The way I’m going to show you to do this is using Feedburner’s FeedFlare option, which if you’ve just setup Feedburner’s built-in CC licensing you’ll know is an option to add links to the end of your RSS feed items. As part of FeedFlare you can create your own custom ‘flares’.
Custom FeedFlares are written in an XML format. Don’t worry if you don’t know what this is, it’s not important for this guide, what is important is having somewhere Feedburner can read this custom XML file. Fortunately Google can help with this problem too. By adding this Google Gadget Editor to your iGoogle page you can write and publish some XML for Feedburner to read (Google account is required).
Once the editor is installed paste the text below replacing the ‘hello world’ example.
<Title>Attribution CC-BY Martin Hawksey</Title>
<Description> Displays my Creative Commons CC-BY license. </Description>
<Text>CC-BY Martin Hawksey</Text>
<Link href=”http://creativecommons.org/licenses/by/2.5/scotland/” rel=”license”/>
Before saving there are a couple of changes we need to make.
- Edit <text> tag to match your chosen CC license and attribution (this is the text that will appear at the end of your post)
- Change theurlto match the address of the license you are using
You can now save the xml using any filename you like. Copy the link address of your file (right click on the file name hyperlink in the top right of the gadget editor)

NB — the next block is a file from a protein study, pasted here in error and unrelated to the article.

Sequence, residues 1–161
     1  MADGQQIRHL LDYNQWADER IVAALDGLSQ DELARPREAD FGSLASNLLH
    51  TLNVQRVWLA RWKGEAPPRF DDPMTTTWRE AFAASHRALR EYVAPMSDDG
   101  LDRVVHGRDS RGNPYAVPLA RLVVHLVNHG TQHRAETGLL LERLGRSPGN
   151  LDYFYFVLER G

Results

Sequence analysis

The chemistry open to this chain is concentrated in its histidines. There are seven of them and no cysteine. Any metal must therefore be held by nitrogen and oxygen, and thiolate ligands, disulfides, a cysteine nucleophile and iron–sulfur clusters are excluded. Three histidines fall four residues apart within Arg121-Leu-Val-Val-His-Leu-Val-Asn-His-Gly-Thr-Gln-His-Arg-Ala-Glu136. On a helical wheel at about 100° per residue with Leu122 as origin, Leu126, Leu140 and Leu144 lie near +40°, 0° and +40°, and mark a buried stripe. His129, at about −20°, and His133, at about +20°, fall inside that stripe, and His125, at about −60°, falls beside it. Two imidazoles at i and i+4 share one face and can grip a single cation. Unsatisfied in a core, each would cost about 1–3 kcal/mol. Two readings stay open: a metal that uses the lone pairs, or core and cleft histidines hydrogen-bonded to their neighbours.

Open the FeedFlare options for your feed which are in the ‘Optimize’ tab for your feed in Feedburner. In the ‘(Enter or paste a Flare Unit URL)’ box under Personal FeedFlare paste the url copied from the Gadget Editor.
Once it’s added tick the box next to it in the Feed column and scroll down to save your settings. Your feed should now show how the post is licensed with a clickable link to the full license text.
One final thing you might want to do is decide if you want to keep the ‘Creative Commons’ option on in the Publicize tab of Feedburner. This option adds generic license details to the machine readable part of your feed, not the regionalised version you are using. On my feed I have deactivated it because I’m not using my feed to submit content to other repositories and a machine readable CC license is on my website pages.
Of course all of this hassle would go away if Feedburner allowed users to choose their jurisdiction. In fact looking across other services I regularly use like YouTube, Flickr and Slideshare where Creative Commons licenses can be applied it is always generic. Should these services not be looking to take it to the next logical step and providing regionalised licensing options?
Footnote: Turning on Creative Commons Licensing in Feedburner
From your My Feeds in Feedburner click on the feed you want to edit.
Adding a human readable license
- Click on he ‘Optimize’ tab and then on FeedFlare from the Services list
- Tick the box in the feed column next to ‘View Creative Commons License’
- Click on ‘Activate/Save’
Adding a machine readable license
- Click on the ‘Publicize’ tab and the ‘Creative Commons’ from the Services list
- Chose the licensing level
- Click ‘Activate/Save’